The Hakkoda Mountains lie to the south of Aomori City, the capital of Aomori Prefecture. The highest peak in the range is Mount Odake, and the area is great for hiking in the summer and even better for skiing in the winter due to heavy snowfall each winter. The surrounding resorts are suitable for skiers of varied skill levels, with intermediate and advanced slopes available. It is also a haven for snowboarders chasing fresh powder, as the yearly snow base exceeds an impressive 13 meters, and a number of runs are always left ungroomed. The Hakkoda Ropeway provides easy access to the top of the mountains and a solution for tourists who want to view the scenery firsthand without having to directly brave the elements. There is great hiking in the summer as well. A circular trail leads from the upper ropeway station to a small marshland near the lake and takes a little under an hour, round-trip. Additional hiking routes branch off from this trail and lead to other nearby peaks, and these areas are particularly striking in the fall when the leaves change color. The autumnal colors usually appear at the summit around late September and slowly work their way up to the peaks of the mountains by mid-October.
Looking for a way to revitalize their village, in 1993 the villagers of Inakadate came together to develop an entirely new form of artwork: Tanbo Art, which translates to “rice paddy art.” This is an intricate form of artwork that involves the strategic planting of different strains of rice bearing different colors to create images within paddy fields. The whole process is a major production that involves graphic designers, agreements between farmers of different paddies to create larger "canvases," and carefully coordinated planting efforts by hundreds of people. On football field-sized plots of land, the villagers create crisp images of monks fighting samurai, Napoleon galloping on a stallion, and a replicate Mona Lisa with as elusive of a smile as ever, albeit this time rendered with masterfully cast seeds instead of brushstrokes. These incredible scenes draw thousands of tourists every year, and there are specialized viewing decks constructed to get a full view of the paddies in all their glory.
Located on a terrace some 65 feet above the nearby Okidate River, Sannai Maruyama Archaeological Site is the largest, most complete, and best-preserved Jomon Period village in Japan. It features the remains of prehistoric pit dwellings, pillar-supported buildings, storage pits, and roads. The remnants of several large buildings and over 500 pit dwellings are systematically arranged and date back to the Early to Middle Jomon Period (approximately 3,900 – 2,200 BCE). A great deal of surviving cultural products have been excavated as well, including around 2,000 clay figures, baskets, lacquerware, and even signs of jade. Visitors can enter some of these rebuilt structures and even look at some of the original and ongoing excavation sites. Connected to the archeological site is the Sanmaru Museum, which exhibits approximately 500 items of cultural significance excavated from the site.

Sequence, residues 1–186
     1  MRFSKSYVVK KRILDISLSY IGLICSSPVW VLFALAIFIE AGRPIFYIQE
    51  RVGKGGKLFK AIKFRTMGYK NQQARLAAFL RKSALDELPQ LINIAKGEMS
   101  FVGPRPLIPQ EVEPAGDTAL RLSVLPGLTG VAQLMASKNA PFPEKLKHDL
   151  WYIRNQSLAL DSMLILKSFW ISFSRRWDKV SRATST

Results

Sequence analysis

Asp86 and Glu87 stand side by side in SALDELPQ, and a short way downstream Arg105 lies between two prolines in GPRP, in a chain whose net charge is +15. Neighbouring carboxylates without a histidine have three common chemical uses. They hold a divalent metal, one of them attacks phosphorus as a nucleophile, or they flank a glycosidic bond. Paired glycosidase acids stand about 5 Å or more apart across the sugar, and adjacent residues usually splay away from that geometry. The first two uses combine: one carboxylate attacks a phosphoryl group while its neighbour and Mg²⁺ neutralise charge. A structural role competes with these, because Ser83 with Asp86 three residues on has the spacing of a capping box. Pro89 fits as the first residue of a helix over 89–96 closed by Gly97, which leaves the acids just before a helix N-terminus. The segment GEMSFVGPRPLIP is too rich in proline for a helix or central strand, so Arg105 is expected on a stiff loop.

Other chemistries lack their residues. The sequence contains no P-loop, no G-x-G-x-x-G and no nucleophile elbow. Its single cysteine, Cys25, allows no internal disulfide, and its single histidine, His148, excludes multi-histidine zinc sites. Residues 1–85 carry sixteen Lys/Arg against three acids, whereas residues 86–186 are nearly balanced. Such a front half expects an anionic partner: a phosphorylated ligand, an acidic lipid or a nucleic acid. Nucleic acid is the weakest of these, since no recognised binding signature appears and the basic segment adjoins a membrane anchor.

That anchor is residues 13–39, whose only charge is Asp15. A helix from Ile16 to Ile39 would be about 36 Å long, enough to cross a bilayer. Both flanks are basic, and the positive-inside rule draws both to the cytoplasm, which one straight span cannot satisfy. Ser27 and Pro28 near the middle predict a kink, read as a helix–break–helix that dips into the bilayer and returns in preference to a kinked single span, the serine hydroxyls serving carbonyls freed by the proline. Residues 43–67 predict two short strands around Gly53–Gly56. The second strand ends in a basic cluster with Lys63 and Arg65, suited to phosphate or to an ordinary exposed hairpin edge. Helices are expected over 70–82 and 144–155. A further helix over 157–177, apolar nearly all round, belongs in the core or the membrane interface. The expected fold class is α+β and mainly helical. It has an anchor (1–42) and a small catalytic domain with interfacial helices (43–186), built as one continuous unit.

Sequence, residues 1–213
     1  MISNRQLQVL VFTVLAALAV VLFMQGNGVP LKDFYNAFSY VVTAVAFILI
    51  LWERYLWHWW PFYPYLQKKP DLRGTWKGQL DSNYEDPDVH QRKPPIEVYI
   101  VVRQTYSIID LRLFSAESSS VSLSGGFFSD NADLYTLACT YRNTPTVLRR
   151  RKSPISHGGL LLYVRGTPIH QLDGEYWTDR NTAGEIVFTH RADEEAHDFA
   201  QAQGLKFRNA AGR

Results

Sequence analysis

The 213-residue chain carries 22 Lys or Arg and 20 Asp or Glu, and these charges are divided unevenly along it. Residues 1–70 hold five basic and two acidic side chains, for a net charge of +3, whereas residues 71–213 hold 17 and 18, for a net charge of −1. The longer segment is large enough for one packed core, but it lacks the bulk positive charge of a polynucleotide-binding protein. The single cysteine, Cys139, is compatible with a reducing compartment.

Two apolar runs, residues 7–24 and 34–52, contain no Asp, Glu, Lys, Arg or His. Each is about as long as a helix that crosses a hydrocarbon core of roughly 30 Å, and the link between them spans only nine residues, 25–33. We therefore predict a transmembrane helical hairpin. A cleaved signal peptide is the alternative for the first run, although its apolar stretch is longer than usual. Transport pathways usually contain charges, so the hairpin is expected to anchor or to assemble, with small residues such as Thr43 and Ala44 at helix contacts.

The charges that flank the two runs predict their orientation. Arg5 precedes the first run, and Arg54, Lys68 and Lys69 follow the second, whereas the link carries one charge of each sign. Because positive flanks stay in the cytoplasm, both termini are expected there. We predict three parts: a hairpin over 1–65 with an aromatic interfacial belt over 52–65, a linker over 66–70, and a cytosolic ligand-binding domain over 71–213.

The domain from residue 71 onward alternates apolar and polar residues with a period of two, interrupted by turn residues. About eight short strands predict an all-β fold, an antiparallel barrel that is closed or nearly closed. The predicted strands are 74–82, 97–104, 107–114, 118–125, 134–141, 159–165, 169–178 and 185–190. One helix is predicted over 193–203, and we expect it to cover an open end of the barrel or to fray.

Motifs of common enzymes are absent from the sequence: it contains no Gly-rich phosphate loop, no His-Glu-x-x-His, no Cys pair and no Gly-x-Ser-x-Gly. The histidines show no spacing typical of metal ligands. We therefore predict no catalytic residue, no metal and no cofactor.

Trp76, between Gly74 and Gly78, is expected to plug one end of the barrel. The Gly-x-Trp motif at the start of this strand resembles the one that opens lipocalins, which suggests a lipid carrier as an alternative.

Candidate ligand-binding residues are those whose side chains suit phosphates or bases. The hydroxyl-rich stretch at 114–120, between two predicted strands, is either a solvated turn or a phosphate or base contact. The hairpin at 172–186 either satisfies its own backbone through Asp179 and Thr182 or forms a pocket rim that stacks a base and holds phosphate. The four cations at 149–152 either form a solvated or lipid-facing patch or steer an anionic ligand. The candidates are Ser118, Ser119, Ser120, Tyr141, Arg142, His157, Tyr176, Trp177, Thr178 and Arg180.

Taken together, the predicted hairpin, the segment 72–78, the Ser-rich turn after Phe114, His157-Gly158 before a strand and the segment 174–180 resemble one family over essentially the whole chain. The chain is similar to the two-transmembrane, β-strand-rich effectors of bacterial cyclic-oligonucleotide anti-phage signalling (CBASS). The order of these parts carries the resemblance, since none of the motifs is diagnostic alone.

Opened in 2006, the four-story Aomori Museum of Art's architecture is largely inspired by the nearby Sannai Maruyama Historical Site, a remnant of the Jomon Era (10,000 BCE – 400 BCE). A product of renowned architect Jun Aoki, the museum’s grounds feature geometric incisions into the earth in a manner that mirrors the excavation area. Walls are either earthen-colored or painted white, and an interplay between concave and convex spaces creates a striking minimalist aesthetic perfect for appreciating art. A central goal of the museum has always been to share Aomori art and culture, and accordingly three of the museum’s large exhibition rooms have been dedicated to displaying works by local citizens. The most notable pieces displayed in the museum are a collection of works that range from drawings to three-dimensional sculptures by Yoshitomo Nara, an internationally celebrated artist who is also a native of Aomori Prefecture. Mr. Nara’s “The Aomori Dog,” in particular, has become an iconic symbol.